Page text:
By Roberta Attanasio, IEAM Blog Editor
In 2015, the 193 Member States of the United Nations agreed upon a blueprint to end poverty, fight inequality, and protect the environment. Governments promised to meet 17 global sustainable development goals by 2030, thus establishing the Sustainable Development Agenda and a to-do list for people and planet. With only 10 years left until the deadline, assessing the progress towards the achievement of the UN Sustainable Development Goals (SDGs) is of the utmost importance to guide policy development and implementation.
The 17 SDGs are defined according to a list of 169 SDG targets—progress towards these targets is tracked using 232 unique indicators. Annually, an SDG report provides the overview of the world’s implementation efforts, highlighting areas of progress and areas where more action needs to be taken to ensure no one is left behind. It ranks countries on their progress towards each goal using a score out of 100, showing how countries are doing in comparison to each other and whether or not they’re on track to meet the goals.
The 2019 report notes progress in some areas, such as on extreme poverty reduction, widespread immunization, decrease in child mortality rates, and an increase in people’s access to electricity, but warns that global response has not been ambitious enough, leaving the most vulnerable people and countries to suffer the most. It points out that a much deeper, faster, and more ambitious response is needed to unleash the social and economic transformation needed to achieve the goals by 2030.
However, an improved response requires, among other factors, upgrades in data collection and analysis to better pinpoint challenges and opportunities, as these vary significantly across different geographical, political, and economic contexts. While the annual report provides a comprehensive picture of national SDG progress, it does not present information on different regions within the same country. In addition, it does not provide a direct year-to-year comparison of a country’s progress. Now, a team led by researchers from Michigan State University and China Agricultural University in Beijing shows that it’s possible to compare SDG progress across regions and over periods of time, rather than relying on snapshot assessments.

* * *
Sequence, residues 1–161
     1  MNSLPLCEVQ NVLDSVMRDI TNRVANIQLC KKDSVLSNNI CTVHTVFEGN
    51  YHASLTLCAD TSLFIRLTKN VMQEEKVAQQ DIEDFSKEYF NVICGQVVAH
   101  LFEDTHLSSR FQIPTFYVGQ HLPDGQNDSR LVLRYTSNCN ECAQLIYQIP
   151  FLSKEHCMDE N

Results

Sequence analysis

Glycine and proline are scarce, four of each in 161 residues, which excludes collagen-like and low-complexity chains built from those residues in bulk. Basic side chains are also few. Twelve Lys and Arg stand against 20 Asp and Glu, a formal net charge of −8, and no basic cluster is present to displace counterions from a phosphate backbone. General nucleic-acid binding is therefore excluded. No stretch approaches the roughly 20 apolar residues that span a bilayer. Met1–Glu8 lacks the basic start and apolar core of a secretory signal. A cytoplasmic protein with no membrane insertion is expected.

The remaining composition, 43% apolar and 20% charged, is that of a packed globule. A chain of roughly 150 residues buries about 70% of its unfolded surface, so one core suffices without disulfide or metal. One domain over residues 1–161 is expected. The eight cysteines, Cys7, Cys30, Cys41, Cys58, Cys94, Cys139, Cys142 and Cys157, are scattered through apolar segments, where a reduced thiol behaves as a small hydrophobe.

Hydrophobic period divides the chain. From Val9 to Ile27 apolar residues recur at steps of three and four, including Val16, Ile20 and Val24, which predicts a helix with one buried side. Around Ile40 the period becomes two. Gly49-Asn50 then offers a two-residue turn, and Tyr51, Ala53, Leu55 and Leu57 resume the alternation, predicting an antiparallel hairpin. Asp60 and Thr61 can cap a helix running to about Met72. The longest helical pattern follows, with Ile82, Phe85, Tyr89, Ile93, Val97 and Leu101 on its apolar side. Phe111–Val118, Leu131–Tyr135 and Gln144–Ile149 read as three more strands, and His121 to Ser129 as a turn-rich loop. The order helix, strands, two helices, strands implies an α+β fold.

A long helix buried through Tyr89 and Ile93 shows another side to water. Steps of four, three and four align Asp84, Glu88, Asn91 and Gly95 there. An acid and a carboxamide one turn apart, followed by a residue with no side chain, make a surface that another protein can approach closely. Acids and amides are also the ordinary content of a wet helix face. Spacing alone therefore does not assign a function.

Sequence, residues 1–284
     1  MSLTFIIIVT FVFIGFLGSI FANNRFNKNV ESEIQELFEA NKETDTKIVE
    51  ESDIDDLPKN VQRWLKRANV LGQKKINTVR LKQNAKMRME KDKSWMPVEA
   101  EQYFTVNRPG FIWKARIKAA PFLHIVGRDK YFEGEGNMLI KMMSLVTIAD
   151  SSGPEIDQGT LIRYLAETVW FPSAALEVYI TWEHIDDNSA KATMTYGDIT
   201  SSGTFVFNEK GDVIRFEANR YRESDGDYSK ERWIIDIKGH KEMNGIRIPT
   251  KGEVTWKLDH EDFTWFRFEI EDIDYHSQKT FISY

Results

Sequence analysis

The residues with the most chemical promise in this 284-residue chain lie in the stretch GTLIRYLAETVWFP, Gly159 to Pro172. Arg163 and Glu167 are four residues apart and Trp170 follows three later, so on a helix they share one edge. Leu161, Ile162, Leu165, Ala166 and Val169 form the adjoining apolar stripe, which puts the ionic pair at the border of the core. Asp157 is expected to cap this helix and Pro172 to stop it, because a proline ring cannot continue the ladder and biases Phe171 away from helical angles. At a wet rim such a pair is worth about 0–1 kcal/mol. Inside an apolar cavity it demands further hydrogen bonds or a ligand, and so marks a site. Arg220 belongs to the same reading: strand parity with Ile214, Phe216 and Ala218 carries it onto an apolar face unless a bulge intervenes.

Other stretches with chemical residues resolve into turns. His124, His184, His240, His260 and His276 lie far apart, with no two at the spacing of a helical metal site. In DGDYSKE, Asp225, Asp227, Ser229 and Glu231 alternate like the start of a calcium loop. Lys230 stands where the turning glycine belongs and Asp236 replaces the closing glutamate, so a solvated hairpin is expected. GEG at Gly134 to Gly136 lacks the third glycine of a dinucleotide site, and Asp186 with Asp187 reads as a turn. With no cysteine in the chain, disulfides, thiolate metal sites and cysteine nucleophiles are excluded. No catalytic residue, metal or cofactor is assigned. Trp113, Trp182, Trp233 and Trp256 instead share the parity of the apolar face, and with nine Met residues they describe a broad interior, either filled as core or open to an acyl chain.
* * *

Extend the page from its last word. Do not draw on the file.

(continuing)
The research, published at the beginning of this year in Nature, tracks the spatio-temporal dynamics of progress towards SDGs using newly developed systematic and comprehensive assessment methods. The study focuses on China—the world’s second-largest economy and the largest developing country both in areal extent and population. Over the past several decades, China has attained exceptional growth in gross domestic product while experiencing complex environmental and socio-economic challenges. Notably, since 2000, China has promoted sustainable development by successfully implementing a variety of policies such as the Western Development Strategy and the Natural Forest Conservation Program, one of the largest forest conservation programs in the world.
By analyzing China’s SDG Index score (an aggregate score representing the overall performance towards achieving all 17 SDGs), the study’s authors show that there are large spatio-temporal variations across regions. The SDG Index score increased at both national and province level from 2000 to 2015. However, eastern China—home to the country’s economic boom—had a higher SDG Index score than the more rural western China in the 2000s. Southern China had a higher SDG Index score than the industrialized and agricultural-intensive northern China in 2015. At the national level, the scores of 13 of the 17 SDGs improved over time, but the scores of four SDGs declined; specifically, the average SDG Index scores in developing provinces were increasing faster compared to developed provinces.
Thus, the study shows that progress in sustainability can shift depending on different factors, including geographical conditions, climate, infrastructure, and policy implementation, suggesting the need to track the spatio-temporal dynamics of progress towards SDGs. Senior author Jack Liu said in a press release: “We have learned that sustainability’s progress is dynamic, and that sometimes gains in one important area can come at costs to another area, tradeoffs that can be difficult to understand but can ultimately hobble progress. Whether it’s protecting precious natural resources, making positive economic change or reducing inequality—it isn’t a static score. We must carefully take a holistic view to be sure progress in one area isn’t compromised by setbacks in other areas.”
Interestingly, the study’s authors note in their paper that future research should include the analysis of spillover effects of one region’s actions on the sustainable development of other regions within China, and spillover effects across national borders.
The newly developed approach for the analysis of spatio-temporal patterns of SDG progress could be applied to other countries and across local and global levels. Thus, resources and attention could be directed where most needed, accelerating the achievement of shared prosperity in a sustainable world.